NORTH HAVEN, Conn. (WTNH) — Reporter Lasalle Blanks covered Waterbury for News 8 like no one else.
With total passion and enthusiasm for telling stories, he also had a special way of highlighting the city’s youth doing great things. But, one day in 2021, Blank’s life changed forever.
“I couldn’t put any pressure on my left side, so I rolled over on my right and got out of bed, and when I tried to stand I literally started going like this,” Blanks said. “When you have a stroke, you don’t just collapse.”
Then, he went to speak, and his voice was slurred.
Blanks was rushed to Yale New Haven Hospital. The stroke affected his left side.
“He had what we call a brainstem ischemic stroke, where there was decreased blood supply to part of his lower brain,” Dr. Alyse Sicklick of Gaylord Specialty Healthcare said.
At first Blanks he was too weak to eat, drink or even move in his hospital bed, but his mind was still sharp. His first goal was to get to Gaylord Specialty Hospital in Wallingford. He had done a news story there, and knew the high level of care and rehabilitation they could provide.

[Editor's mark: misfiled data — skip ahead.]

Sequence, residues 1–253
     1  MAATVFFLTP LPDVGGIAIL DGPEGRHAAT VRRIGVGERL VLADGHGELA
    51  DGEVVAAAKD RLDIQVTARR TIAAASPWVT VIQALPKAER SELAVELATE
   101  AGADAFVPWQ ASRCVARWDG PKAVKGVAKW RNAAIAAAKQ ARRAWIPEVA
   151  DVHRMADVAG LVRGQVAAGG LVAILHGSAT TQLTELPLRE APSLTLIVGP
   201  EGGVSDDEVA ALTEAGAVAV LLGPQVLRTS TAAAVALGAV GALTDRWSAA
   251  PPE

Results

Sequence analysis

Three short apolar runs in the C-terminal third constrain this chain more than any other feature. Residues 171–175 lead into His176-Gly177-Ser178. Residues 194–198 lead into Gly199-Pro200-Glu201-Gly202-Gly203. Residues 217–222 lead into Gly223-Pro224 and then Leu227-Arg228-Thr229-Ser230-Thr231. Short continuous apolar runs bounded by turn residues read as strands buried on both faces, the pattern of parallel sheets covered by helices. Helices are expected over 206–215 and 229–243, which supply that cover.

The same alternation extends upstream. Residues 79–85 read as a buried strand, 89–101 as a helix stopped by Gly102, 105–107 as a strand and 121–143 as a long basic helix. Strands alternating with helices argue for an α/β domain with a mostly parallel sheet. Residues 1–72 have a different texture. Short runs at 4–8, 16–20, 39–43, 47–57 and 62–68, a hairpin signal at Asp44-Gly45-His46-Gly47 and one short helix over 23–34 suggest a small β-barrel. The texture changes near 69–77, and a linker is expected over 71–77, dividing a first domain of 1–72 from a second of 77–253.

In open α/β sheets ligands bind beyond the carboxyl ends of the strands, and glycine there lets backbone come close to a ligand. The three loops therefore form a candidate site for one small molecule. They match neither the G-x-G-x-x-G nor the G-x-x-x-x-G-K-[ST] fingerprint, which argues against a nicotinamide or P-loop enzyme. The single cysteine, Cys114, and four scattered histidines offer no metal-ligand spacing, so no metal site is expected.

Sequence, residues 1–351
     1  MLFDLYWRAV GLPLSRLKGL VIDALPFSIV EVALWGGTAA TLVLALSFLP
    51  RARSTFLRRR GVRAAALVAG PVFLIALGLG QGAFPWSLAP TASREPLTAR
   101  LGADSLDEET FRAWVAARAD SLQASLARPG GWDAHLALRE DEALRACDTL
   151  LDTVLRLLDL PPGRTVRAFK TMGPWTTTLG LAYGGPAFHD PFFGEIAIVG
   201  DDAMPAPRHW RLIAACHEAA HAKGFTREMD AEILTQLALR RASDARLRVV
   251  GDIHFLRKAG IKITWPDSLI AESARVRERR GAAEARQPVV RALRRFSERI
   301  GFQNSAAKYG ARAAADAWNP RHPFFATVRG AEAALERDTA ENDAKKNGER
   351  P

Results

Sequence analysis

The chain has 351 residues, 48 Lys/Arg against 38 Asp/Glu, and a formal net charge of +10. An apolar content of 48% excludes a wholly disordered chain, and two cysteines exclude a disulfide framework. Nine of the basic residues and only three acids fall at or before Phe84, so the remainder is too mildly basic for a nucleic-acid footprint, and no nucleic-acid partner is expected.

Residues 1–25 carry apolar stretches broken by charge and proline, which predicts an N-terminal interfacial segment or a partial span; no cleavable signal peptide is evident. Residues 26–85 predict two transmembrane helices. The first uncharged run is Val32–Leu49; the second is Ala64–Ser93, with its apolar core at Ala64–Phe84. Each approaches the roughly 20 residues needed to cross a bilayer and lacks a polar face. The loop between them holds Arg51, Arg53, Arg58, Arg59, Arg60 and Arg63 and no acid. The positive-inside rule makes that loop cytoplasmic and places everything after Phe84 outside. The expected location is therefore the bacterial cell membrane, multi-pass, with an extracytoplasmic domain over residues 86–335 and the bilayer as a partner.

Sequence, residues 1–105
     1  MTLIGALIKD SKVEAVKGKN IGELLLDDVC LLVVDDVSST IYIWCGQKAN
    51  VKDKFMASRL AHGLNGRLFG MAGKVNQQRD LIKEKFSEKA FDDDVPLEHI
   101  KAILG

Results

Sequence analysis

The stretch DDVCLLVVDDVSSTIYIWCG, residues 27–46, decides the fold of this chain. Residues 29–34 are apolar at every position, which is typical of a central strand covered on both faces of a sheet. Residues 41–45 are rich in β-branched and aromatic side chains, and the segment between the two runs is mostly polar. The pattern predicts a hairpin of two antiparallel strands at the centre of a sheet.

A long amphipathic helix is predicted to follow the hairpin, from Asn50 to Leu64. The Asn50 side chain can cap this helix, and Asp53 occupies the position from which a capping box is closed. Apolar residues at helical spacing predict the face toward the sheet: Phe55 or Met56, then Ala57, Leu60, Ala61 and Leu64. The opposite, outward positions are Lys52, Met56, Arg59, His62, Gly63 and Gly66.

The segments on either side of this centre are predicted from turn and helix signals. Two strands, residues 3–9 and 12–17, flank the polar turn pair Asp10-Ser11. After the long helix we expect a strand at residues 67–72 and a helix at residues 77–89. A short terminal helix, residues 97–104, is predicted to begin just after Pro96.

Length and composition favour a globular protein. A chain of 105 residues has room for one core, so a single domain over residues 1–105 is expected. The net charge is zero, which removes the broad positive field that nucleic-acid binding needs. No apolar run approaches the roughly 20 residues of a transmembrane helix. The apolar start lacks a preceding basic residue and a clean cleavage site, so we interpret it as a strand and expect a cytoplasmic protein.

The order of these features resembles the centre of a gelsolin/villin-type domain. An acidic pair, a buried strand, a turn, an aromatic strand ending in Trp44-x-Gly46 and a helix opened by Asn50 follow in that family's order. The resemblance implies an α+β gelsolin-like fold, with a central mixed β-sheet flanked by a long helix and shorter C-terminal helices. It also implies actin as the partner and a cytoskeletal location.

Blanks started videotaping his journey for his mother, and then decided to share it on his Facebook and TikTok accounts. His followers showed so much love and support for his accomplishments, like being able to walk without his cane or leg brace.
Hours and hours of intense physical therapy at Gaylord for two months allowed Blanks to work extremely hard at making the left side of his body strong again. He desperately working to make the right side of his body strong again, while remaining his upbeat self — even inspiring other Gaylord stroke patients.
“Every time you saw LaSalle again, he had a smile on his face,” Sicklick said. “He wanted to know what he could do to make himself better, and he was committed to being as good as he could be following a devastating injury.”
Through it all, Blanks manages to keeps it light.
“Laughter is everything, because many stroke patients — not stroke victims, patients — they suffer from depression,” Blanks said. “But here, they’ve been able to keep my mind focused on a prize through laughter.”
He stressed the importance of his therapy sessions.
“You put in the work you believe, buy into what your therapists are saying, and you will not believe how much the power of positive thinking works,” Blanks said.
And now, Blanks is able to drive, finally gaining his independence back.
“Let me tell you something, going to the grocery store feels so good now,” Blanks said. “Pumping gas, taking out the trash all these things that you think are just mundane and you’d never want to do I love doing because you have a new appreciation of life.”
Blanks recently received a community hero award from Kristopher Reese, the senior pastor at Grace Baptist Church in Waterbury.